One- and Two-Tailed Tests
In the previous example, you tested a research hypothesis that predicted not only that the sample mean would be different from the population mean but that it would be different in a specific direction—it would be lower. This test is called a directional or one‐tailed test because the region of rejection is entirely within one tail of the distribution.
Some hypotheses predict only that one value will be different from another, without additionally predicting which will be higher. The test of such a hypothesis is nondirectional or two‐tailed because an extreme test statistic in either tail of the distribution (positive or negative) will lead to the rejection of the null hypothesis of no difference.
Suppose that you suspect that a particular class's performance on a proficiency test is not representative of those people who have taken the test. The national mean score on the test is 74.
The research hypothesis is:
The mean score of the class on the test is not 74.
Or in notation: H a : μ ≠ 74
The null hypothesis is:
The mean score of the class on the test is 74.
In notation: H 0: μ = 74
As in the last example, you decide to use a 5 percent probability level for the test. Both tests have a region of rejection, then, of 5 percent, or 0.05. In this example, however, the rejection region must be split between both tails of the distribution—0.025 in the upper tail and 0.025 in the lower tail—because your hypothesis specifies only a difference, not a direction, as shown in Figure 1(a). You will reject the null hypotheses of no difference if the class sample mean is either much higher or much lower than the population mean of 74. In the previous example, only a sample mean much lower than the population mean would have led to the rejection of the null hypothesis.
Figure 1.Comparison of (a) a two‐tailed test and (b) a one‐tailed test, at the same probability level (95 percent).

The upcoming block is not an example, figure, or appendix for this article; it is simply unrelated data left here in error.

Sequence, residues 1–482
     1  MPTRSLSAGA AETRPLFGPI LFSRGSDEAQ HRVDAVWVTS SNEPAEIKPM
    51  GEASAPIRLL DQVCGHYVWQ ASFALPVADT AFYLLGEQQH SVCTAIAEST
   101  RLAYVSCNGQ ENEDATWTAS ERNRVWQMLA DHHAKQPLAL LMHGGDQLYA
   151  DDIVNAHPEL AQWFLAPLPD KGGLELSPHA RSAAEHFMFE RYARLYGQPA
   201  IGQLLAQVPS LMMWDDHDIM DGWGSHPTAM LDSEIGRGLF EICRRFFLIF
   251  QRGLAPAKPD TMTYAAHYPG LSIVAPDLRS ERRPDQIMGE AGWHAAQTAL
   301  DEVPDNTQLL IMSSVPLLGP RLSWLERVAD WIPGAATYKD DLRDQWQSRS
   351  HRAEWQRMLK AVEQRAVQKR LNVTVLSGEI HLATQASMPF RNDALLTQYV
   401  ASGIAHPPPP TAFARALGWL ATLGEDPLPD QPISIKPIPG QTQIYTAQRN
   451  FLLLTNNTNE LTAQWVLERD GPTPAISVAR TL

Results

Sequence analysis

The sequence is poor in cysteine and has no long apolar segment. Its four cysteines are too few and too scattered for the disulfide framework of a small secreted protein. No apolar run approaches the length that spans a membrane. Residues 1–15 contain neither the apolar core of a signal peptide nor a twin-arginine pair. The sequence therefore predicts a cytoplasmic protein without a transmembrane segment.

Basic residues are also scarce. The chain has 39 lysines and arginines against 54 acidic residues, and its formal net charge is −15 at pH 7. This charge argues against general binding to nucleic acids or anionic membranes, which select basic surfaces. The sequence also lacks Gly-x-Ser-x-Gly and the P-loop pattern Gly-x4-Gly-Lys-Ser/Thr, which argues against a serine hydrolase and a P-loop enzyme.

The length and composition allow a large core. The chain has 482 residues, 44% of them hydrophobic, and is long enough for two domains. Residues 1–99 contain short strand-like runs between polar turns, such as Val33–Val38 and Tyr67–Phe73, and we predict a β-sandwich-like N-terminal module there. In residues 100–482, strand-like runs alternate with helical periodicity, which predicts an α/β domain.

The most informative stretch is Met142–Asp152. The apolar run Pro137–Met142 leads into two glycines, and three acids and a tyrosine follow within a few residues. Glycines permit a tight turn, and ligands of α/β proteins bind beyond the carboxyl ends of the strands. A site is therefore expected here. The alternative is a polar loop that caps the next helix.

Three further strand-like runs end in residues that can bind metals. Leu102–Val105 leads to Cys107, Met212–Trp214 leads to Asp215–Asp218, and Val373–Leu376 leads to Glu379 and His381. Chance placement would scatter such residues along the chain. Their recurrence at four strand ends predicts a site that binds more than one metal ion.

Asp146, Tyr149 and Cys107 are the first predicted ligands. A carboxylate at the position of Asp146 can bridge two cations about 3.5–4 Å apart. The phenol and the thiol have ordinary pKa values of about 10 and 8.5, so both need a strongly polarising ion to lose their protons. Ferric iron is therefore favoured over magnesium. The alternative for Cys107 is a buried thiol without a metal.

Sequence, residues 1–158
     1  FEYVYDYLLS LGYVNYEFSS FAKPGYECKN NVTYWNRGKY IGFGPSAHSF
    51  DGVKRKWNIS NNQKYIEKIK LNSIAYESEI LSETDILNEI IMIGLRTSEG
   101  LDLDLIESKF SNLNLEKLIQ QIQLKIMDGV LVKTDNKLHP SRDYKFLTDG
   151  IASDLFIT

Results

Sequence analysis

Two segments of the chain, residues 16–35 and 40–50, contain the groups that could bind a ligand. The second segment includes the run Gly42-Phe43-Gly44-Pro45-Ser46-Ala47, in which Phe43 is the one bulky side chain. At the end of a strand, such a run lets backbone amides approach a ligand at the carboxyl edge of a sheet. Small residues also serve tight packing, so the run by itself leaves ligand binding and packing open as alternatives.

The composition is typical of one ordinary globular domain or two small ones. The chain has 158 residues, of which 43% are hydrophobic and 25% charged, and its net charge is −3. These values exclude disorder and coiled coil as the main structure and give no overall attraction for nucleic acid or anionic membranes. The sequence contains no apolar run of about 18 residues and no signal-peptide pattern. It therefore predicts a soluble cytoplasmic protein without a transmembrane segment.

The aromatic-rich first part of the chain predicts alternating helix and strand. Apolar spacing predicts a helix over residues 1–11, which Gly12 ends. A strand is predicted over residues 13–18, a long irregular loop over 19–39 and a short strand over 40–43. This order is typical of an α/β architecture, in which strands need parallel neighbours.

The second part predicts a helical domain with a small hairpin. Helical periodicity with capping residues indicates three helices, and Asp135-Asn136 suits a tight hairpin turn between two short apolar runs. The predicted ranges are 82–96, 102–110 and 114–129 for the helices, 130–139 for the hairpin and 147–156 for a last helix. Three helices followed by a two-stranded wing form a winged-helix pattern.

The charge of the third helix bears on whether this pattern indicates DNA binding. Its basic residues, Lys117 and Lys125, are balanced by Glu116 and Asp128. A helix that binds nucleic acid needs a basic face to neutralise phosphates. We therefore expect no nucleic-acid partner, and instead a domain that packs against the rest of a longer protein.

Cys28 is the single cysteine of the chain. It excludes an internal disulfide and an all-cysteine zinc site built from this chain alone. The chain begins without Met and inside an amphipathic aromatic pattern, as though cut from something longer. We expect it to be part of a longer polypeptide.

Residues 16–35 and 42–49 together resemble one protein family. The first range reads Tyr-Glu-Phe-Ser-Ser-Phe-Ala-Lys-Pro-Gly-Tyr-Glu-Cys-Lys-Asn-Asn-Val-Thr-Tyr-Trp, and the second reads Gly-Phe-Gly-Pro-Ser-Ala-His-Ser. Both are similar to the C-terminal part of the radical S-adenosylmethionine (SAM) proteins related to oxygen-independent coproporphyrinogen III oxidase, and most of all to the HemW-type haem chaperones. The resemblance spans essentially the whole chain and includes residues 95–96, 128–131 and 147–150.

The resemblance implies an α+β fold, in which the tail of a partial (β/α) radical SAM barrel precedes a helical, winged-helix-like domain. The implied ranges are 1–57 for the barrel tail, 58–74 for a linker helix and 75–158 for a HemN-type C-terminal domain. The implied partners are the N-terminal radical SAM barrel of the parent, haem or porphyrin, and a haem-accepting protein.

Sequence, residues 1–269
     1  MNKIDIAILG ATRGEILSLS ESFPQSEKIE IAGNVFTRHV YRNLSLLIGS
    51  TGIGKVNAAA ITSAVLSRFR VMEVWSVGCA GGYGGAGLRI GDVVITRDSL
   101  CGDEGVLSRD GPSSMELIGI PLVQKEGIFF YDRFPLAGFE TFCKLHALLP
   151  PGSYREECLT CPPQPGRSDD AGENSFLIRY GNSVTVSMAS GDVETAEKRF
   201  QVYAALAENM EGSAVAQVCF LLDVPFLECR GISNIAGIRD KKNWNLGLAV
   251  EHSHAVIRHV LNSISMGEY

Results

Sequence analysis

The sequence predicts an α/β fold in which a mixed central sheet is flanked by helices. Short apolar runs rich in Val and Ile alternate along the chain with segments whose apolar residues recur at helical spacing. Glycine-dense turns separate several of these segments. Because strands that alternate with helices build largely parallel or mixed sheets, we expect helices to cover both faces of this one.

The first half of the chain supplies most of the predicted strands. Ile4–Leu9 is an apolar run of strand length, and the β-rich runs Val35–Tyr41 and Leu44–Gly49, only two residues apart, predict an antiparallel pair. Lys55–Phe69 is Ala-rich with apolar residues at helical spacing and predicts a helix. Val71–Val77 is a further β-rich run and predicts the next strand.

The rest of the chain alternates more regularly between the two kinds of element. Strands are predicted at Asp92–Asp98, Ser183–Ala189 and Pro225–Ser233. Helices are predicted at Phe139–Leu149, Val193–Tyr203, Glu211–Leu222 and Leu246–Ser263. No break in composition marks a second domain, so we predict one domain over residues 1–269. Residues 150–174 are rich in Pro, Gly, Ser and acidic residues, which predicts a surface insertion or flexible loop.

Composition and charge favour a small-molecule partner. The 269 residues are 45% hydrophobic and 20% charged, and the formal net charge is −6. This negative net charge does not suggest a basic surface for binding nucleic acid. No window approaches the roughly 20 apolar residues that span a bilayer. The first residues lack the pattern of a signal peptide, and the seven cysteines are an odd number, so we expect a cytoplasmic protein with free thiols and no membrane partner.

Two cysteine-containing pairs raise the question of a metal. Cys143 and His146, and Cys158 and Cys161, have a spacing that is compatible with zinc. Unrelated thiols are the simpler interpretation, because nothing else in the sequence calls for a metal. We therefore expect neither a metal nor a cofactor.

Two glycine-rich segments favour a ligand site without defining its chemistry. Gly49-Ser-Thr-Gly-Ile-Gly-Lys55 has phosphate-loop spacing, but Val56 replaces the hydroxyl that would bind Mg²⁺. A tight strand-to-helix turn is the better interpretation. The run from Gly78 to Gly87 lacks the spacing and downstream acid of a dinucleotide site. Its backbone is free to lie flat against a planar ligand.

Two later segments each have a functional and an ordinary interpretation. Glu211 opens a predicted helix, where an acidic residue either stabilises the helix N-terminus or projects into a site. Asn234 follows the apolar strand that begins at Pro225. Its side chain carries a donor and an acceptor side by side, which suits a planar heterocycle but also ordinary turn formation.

The decision of whether to use a one‐ or a two‐tailed test is important because a test statistic that falls in the region of rejection in a one‐tailed test may not do so in a two‐tailed test, even though both tests use the same probability level. Suppose the class sample mean in your example was 77, and its corresponding z‐score was computed to be 1.80. Table 2 in "Statistics Tables" shows the critical z‐scores for a probability of 0.025 in either tail to be –1.96 and 1.96. In order to reject the null hypothesis, the test statistic must be either smaller than –1.96 or greater than 1.96. It is not, so you cannot reject the null hypothesis. Refer to Figure 1(a).
Suppose, however, you had a reason to expect that the class would perform better on the proficiency test than the population, and you did a one‐tailed test instead. For this test, the rejection region of 0.05 would be entirely within the upper tail. The critical z‐value for a probability of 0.05 in the upper tail is 1.65. (Remember that Table 2 in "Statistics Tables" gives areas of the curve below z; so you look up the z‐value for a probability of 0.95.) Your computed test statistic of z = 1.80 exceeds the critical value and falls in the region of rejection, so you reject the null hypothesis and say that your suspicion that the class was better than the population was supported. See Figure 1(b).
In practice, you should use a one‐tailed test only when you have good reason to expect that the difference will be in a particular direction. A two‐tailed test is more conservative than a one‐tailed test because a two‐tailed test takes a more extreme test statistic to reject the null hypothesis.